Such men actually did believe that Christ has but one nature, the divine, and that, consequently, He has but one will, energy, and activity. The latter is the heresy called Monothelitism.

St. Maximus the Confessor's Letter 12 is a detailed refutation of the errors of Severus of Antioch.

There are reasons NCs do not accept the councils after #3.

They don't believe in them!

If they had the same faith we have, they would accept those councils.

Quote
peterfarrington: Don't say, as he has done, it doesn't matter if I believe what they teach as long as I don't call them Ecumenical then I am further from Orthodoxy than Roman Catholics. Because I will then have to mention again that you cannot tell me how many councils must be called ecumenical. Is it 7 as Linus says or 8 as the Ecumenical Patriarch says. If I must accept 7 then you must accept 8 or you are as far from Orthodoxy as I apparently am.

That is your favorite chestnut right now, the bit about whether the Orthodox recognize 7 or 8 councils as ecumenical.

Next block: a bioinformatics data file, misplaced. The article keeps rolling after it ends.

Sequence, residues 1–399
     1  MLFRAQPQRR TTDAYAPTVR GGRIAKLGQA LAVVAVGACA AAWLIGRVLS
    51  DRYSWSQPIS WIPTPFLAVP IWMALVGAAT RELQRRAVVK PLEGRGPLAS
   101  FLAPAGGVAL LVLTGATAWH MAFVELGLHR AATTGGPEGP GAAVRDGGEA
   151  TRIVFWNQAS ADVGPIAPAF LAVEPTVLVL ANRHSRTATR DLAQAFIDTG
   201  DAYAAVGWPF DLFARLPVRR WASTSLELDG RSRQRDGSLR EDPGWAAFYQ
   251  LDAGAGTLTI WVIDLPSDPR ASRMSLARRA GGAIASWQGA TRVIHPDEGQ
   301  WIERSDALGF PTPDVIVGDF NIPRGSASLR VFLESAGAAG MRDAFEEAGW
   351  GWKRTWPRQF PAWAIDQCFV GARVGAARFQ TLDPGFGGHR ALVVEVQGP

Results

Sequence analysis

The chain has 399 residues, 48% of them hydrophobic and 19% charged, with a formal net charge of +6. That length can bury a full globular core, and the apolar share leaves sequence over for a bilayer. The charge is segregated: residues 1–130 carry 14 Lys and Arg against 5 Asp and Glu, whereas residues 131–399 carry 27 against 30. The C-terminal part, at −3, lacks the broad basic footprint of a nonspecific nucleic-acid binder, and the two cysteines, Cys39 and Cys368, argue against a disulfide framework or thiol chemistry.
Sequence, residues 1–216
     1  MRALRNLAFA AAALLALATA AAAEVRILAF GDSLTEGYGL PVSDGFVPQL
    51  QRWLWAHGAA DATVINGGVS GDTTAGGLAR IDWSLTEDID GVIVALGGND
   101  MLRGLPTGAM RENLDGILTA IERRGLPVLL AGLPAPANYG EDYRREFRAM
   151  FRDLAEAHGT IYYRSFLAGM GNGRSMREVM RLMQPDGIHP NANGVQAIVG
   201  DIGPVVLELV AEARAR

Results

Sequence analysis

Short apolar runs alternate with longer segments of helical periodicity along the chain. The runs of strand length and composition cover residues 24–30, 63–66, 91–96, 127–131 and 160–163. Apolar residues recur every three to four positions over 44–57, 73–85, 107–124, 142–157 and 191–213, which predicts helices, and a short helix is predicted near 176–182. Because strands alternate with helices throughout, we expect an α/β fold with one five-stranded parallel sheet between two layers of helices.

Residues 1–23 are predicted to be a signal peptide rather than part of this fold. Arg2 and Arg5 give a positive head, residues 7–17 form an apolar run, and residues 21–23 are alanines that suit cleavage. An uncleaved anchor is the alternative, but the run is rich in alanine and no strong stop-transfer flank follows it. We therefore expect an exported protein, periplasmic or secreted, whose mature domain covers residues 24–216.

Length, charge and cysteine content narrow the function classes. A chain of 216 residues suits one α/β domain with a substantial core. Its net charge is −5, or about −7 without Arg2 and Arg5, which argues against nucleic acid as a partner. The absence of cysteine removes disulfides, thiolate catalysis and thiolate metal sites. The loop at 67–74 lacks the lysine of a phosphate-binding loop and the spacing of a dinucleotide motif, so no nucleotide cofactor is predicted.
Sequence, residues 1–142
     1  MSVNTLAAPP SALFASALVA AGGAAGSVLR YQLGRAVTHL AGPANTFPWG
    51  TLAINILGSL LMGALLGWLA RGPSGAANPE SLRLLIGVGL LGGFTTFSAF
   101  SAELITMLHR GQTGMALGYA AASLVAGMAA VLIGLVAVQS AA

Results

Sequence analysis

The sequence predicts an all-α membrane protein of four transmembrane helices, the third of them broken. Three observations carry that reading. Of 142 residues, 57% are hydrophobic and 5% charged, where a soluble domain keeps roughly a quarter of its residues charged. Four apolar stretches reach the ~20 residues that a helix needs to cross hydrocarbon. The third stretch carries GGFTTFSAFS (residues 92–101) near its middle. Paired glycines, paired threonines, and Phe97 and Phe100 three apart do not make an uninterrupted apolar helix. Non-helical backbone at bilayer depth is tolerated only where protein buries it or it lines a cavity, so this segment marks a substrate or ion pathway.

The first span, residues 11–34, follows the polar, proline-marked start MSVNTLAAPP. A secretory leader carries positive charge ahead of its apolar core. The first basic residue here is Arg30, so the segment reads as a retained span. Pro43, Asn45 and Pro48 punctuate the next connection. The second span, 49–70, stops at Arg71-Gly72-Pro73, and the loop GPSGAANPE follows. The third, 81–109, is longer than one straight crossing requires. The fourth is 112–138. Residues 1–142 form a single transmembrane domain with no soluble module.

Again it pales to insignificance beside the rejection of ALL of the councils after #3!

If you actually believe what the councils teach, as you claim, then you should have no problem repenting of your current rebellion against the Church, accepting them, and becoming Orthodox.

Quote
peterfarrington: Don't get sucked in by simplistic arguments that ignore what others actually say they believe themselves.

Good advice.

I would also caution everyone against getting sucked in by sweet-sounding deception disguised in the language of "unity" and "orthodoxy."

Quote
peterfarrington: An EO bishop is not an authority on what I and my own Orthodox church believes.  Take time to understand and then disagree by all means, but don't assume you know what I believe - and I am speaking generally of an attitude not criticising you at all - without letting me - and I am speaking generally of my community - speak.

I've read plenty of what you have had to say.

I also know what the Orthodox Fathers had to say, and I know the history of the efforts to appease Non-Chalcedonians without insisting that they repent and accept the Council of Chalcedon and the subsequent councils of the Church.

Each time that has been tried, it has resulted in tragedy and schism.

No, we Orthodox must insist that you accept the faith of the Fathers.

Until you do, it is a sin to call you Orthodox.